Case summary, Income Tax

Payments made for the purchase of the software: Scope of the definition of the term ‘Royalty’ as per India-USA tax treaty.

Sandvik Machining Solution vs. ACIT, Pune

Outcome: In favour of Assessee

Facts

  • The Assessee is a company incorporated in Sweden, received payments for the Information Technology support services rendered by it to an Indian entity.
  • The Assessing Officer opined that the payment received was taxable as ‘Royalty’ as per section 9(1)(vi) of the Act, as well as the Article 12(3) of the tax treaty between India and Sweden.

Key Points

  • ‘Royalty’ may also be taxed in the contracting state in which it arises.
  • Royalties’ is a payment of any kind received as a consideration: for the use of, or the right to use, any copyright of literary, artistic or scientific work’ etc. The expression for the use of, or the right to use, any copyright’ has also been used in Article 12 of the tax treaty between India and the USA.
  • The Hon’ble Delhi High Court in the case of Infrasoft held that what was transferred was not copyright or right to use copyright but a limited right to use copyrighted material, which did not give rise to any royalty income.
  • It further observed that to be taxable as royalty income covered by Article 12 of the tax treaty, the income of Assessee should be generated by “use of or right to use of” any copyright and a License granted to licensee permitting him to download computer programme and storing it in the computer for his own use is only incidental to facility extended to the licensee to make use of the copyrighted product for his internal business purpose.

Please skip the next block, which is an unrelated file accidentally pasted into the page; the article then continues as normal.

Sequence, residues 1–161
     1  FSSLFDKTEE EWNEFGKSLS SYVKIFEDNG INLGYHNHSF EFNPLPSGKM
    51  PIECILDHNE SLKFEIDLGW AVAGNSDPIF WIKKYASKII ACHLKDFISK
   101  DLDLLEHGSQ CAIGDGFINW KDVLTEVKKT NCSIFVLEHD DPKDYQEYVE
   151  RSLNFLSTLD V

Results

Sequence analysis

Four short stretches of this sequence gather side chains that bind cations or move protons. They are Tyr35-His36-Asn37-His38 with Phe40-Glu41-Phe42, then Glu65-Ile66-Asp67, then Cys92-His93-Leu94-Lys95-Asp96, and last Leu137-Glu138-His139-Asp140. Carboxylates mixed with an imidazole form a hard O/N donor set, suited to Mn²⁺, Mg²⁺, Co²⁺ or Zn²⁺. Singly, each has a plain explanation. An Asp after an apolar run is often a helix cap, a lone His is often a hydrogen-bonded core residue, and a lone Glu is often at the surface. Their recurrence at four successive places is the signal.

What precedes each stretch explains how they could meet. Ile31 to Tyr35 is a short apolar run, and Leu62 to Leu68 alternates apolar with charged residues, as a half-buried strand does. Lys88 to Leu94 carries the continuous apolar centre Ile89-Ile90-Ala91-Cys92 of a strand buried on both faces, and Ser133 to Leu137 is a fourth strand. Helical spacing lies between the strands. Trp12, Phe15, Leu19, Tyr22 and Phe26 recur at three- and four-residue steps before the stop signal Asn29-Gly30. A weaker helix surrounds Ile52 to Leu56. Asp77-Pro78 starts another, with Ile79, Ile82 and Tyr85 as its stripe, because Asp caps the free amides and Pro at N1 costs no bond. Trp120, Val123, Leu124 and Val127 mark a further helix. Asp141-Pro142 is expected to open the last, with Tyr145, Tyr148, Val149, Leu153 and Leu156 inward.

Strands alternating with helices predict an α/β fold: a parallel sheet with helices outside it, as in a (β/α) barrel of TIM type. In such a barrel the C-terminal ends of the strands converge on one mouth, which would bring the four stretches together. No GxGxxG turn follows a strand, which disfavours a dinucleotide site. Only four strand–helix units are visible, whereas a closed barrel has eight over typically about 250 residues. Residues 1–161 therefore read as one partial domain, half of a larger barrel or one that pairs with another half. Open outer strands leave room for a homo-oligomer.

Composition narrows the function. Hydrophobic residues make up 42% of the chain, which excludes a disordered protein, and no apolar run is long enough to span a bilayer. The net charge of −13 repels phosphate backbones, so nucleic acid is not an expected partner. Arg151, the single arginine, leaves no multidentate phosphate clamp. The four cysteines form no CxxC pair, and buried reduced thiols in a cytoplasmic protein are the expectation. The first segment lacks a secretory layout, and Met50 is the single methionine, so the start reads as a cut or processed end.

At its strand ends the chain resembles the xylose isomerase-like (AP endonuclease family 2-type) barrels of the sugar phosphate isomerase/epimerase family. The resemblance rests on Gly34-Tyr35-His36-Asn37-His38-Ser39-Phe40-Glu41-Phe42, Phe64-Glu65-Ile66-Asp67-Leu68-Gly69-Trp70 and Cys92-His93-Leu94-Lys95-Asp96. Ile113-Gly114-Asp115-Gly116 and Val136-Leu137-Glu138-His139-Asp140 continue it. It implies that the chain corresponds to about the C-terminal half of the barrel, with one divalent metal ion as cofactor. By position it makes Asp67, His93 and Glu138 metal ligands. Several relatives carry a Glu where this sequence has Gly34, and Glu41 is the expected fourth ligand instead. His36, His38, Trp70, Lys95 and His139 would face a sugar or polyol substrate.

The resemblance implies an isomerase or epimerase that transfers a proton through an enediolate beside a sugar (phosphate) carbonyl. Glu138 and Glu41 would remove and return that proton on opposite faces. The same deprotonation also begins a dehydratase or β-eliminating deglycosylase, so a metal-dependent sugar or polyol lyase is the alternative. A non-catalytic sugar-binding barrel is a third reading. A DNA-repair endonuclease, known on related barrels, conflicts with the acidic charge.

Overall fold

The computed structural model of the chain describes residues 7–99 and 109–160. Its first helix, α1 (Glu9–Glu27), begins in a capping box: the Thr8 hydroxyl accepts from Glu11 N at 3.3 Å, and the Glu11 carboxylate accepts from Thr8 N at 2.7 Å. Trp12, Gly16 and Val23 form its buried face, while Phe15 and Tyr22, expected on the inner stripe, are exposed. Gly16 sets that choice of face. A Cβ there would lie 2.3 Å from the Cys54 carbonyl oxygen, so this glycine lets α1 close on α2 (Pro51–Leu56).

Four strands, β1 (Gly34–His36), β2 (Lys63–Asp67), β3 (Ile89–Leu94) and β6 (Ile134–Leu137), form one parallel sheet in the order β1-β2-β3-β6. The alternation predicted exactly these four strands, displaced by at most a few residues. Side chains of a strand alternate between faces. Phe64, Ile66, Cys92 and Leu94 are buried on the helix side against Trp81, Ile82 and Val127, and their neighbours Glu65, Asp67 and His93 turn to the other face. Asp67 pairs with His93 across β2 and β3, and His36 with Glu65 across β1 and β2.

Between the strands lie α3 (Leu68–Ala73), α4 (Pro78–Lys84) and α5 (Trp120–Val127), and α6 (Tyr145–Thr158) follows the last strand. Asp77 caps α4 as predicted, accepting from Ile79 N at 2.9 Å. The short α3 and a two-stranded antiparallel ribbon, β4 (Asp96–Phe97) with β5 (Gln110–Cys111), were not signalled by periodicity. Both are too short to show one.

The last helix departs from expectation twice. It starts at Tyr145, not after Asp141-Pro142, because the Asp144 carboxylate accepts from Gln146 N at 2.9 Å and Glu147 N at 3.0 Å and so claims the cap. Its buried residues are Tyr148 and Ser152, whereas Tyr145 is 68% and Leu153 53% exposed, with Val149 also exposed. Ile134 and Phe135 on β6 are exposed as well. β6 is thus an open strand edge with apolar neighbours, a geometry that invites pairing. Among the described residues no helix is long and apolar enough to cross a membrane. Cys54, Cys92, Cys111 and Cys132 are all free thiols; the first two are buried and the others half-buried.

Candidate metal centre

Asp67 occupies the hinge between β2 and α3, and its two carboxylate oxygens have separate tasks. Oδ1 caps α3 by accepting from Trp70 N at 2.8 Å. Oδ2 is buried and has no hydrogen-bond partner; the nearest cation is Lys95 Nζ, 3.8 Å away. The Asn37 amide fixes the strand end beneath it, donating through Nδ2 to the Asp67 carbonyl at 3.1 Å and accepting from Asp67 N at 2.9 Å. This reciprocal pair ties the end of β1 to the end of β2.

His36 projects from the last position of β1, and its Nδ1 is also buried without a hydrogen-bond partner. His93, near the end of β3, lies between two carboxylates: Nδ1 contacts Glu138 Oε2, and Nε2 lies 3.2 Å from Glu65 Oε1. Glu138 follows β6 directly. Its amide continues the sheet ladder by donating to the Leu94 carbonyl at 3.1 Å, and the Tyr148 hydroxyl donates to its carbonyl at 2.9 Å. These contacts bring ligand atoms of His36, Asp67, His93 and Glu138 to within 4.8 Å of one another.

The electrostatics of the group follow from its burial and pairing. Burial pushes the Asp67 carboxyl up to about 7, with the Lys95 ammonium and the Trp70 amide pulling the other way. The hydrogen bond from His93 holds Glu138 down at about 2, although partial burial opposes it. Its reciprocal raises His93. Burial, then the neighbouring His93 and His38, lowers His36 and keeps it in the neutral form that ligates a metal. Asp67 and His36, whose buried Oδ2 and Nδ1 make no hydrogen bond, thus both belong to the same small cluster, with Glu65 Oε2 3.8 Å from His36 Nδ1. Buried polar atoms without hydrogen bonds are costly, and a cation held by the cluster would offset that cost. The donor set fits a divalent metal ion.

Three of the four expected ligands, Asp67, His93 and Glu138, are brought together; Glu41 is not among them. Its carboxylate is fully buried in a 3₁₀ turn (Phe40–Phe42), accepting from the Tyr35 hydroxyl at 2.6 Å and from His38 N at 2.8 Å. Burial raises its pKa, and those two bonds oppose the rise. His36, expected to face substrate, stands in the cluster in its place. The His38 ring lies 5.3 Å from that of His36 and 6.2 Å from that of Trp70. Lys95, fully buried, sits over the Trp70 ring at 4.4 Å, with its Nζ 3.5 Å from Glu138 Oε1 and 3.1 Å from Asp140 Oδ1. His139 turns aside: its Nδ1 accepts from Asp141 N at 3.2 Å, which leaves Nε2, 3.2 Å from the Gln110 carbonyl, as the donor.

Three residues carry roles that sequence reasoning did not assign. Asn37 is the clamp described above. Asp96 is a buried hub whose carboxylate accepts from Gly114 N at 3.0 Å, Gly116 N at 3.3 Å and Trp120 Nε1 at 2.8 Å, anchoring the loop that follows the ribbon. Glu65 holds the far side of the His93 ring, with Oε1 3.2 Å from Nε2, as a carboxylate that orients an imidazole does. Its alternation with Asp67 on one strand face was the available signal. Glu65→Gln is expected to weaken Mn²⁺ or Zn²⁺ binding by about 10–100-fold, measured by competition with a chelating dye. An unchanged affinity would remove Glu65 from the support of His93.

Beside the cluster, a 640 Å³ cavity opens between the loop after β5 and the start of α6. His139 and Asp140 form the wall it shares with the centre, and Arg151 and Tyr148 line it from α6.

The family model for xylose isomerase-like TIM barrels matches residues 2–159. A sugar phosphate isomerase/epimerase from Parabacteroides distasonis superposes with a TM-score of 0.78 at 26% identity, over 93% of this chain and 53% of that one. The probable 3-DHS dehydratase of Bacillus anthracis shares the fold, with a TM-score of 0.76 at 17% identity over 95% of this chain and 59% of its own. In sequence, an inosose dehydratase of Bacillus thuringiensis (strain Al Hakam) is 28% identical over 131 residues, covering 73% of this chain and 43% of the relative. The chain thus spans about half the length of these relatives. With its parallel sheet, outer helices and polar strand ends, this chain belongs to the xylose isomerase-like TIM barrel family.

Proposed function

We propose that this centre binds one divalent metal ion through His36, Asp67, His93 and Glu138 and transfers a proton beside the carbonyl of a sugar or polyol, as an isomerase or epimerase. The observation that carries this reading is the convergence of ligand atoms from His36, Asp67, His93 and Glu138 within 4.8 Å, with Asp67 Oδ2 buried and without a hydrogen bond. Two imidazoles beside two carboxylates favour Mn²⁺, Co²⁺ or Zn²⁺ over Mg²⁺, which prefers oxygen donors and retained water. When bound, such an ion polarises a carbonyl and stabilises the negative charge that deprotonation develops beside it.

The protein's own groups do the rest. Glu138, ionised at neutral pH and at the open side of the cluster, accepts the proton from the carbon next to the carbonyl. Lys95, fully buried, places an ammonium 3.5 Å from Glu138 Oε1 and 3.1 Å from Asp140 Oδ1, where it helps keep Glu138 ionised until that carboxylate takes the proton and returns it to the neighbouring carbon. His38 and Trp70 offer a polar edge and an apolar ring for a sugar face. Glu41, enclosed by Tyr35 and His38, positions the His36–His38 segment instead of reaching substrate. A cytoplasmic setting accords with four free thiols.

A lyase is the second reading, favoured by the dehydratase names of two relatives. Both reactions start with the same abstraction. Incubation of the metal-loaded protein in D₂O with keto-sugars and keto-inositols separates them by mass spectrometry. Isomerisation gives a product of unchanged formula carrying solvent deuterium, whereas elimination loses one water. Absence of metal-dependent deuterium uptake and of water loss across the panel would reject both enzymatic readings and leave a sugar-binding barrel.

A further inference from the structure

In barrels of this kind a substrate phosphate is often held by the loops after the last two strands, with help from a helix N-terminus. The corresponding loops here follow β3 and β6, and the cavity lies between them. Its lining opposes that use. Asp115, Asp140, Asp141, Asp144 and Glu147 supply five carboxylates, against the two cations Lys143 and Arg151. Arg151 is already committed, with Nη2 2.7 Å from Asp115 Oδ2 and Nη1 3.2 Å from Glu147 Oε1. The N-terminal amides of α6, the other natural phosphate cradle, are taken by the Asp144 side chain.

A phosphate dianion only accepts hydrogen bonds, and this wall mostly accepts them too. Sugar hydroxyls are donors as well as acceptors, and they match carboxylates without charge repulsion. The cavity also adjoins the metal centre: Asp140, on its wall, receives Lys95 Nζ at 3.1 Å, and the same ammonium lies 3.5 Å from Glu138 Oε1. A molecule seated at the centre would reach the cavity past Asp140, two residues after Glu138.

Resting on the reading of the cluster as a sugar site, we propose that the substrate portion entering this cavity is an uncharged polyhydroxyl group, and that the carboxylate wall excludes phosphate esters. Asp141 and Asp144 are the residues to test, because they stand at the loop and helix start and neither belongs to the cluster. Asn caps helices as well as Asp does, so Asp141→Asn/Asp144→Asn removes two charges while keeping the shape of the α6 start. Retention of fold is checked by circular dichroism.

• Finding that there was no transfer of any right in respect of copyright by Assessee and it was a case of mere transfer of a copyrighted article whilst copyright remained with the owner, the Hon’ble High Court held that the payment was for a copyrighted article and represented purchase price of an article. Hence, the same could not be considered as ‘Royalty’ in the hands of the recipient under the tax treaty.
  • In the present case, it was observed that the Assessee transferred a limited right. There was no transfer of copyright or use of any copyright. As against the requirement of para 3 of the Article 12 for royalty income to be generated by use or right to use of any copyright etc., what in the extant case had happened is that the Assessee simply permitted the Indian Company (SAPL) to use the software for its limited internal business purpose only. No further right was granted to the SAPL to deal with the copyright of the software. As there is no transfer of any right in respect of the copyright by the Assessee to SAPL, going by the definition of the term Royalties’ given in Article 12 (3), the consideration so received could not have been construed as Royalties’ under the tax treaty.
  • It was essential to mention that unlike the insertion of Explanation 4 to section 9(1)(vi) engulfing consideration for use of software in any form within the ambit of Royalty’, there was no corresponding amendment in the tax treaty and hence, the tax treaty, in the absence of the applicability of section 90(2A) to the year under consideration, would not automatically imbibe the changes made in the Act. If the provisions of a tax treaty are more beneficial to the Assessee then those would apply in supersession of the provisions of the Act. It was, therefore, concluded that the sum of Rs 1.48 crores and odd could not be construed as `Royalties’ in the hands of the Assessee as per the mandate of Article 12 of the tax treaty.

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